Please send further donations to the address of Dr. Kopp Lajos, teacher (Budapest, IX. Dist. Üllői Street 53.)

(Mathematical and Physical Pages, (Mathematikai és Physikai Lapok), 1894.)

Even though, the Mathematics and Physics Society made a promise, that the names of the people who made donations later on will also be published, this did not happen. At least my research so far suggests that, since the later publications of the Mathematics and Physics Society contain no such data. I believe, Ferenc Schmidt took the matter into his own hands, paid for the rest and took initiative to direct the implementation.

We could think that the Transylvanians did not know about this. Sadly, that would not be true, since around 10 years before, in 1884 they placed a gravestone on Farkas Bolyai's grave, made of beautiful, black marble, with money from the inhabitants of Marosvásárhely. There was a small amount remaining from that money, which could have been enough to finance a gravestone for János Bolyai, but the Bolyai Committee of the Lutheran School did not allow it. Here is a letter about this from József Koncz to Kálmán Szily.

Dear Honourable Professor,
I am honoured to send you the data you asked for from the biography of János Bolyai - as his brother Gergely Bolyai wrote it down - in case these are not yet in Your Honour's possession. He was buried in the Lutheran Cemetery and his grave is not marked. I was hoping, that even a simple gravestone would be given to him, rather to his grave, for the occasion of the marking of his father's gravestone, but the Committee was not willing to do that - the remaining
100 forints from the collected money they wished to use as a scholarship called "Bolyai-fund", whose interest would be distributed as a reward for the best mathematics students of the last 4 classes of secondary school.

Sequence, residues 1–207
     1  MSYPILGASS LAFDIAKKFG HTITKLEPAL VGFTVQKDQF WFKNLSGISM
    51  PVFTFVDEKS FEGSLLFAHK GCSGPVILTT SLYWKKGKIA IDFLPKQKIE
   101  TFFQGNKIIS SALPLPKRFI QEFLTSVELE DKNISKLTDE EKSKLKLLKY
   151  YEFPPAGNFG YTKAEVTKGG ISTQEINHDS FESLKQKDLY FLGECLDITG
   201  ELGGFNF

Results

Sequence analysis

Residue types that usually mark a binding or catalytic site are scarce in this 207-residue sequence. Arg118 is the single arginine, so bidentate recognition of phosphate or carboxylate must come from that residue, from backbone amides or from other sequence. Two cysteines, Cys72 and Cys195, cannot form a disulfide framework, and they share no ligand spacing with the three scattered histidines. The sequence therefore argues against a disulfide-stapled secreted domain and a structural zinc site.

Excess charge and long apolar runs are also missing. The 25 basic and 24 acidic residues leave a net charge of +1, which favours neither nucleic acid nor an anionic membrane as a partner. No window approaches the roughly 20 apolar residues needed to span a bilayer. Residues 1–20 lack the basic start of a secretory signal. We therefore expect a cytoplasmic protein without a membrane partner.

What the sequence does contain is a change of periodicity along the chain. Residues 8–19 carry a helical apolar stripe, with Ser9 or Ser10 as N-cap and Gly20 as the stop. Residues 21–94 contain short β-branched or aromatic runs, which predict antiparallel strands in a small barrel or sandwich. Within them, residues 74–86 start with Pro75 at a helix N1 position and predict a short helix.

With particular respect towards Your Honour, I will remain your servant,
József Koncz
Marosvásárhely,
06.II.1885
(MTA Bolyai Collection K26/83)

So another ten years had to pass and a "stranger", Ferenc Schmidt needed to come to put up a gravestone for János Bolyai.

The question remains; where was János Bolyai's original grave in the Lutheran Cemetery in Marosvásárhely? The answer is hard, since there were other people who have been buried in the same place since that time. What I know for a fact is that Dr Sándor Szilágyi, a doctor from Marosvásárhely, took a picture at the reburial in 1911. But could he have a living descendant who has the photograph or some record? A photographer from Marosvásárhely, Géza Csonka [11] also took a picture of the grave. In archives and journals from the time I found the following references regarding János Bolyai's original grave.

Firstly I quote Károly Gulyás's article that was published in the Pásztortőz (Shepherd's Fire):

We need to know that our János and Farkas Bolyai, people we'll be proud of forever, did not wish to rest next to each other when they turned to dust [12]. The father was buried in the lower part of the Lutheran Cemetery in Marosvásárhely, and four year later the son was buried at the top of the hill. The one to do them justice, and put them next to each other was the Hungarian Science Academy in 1911.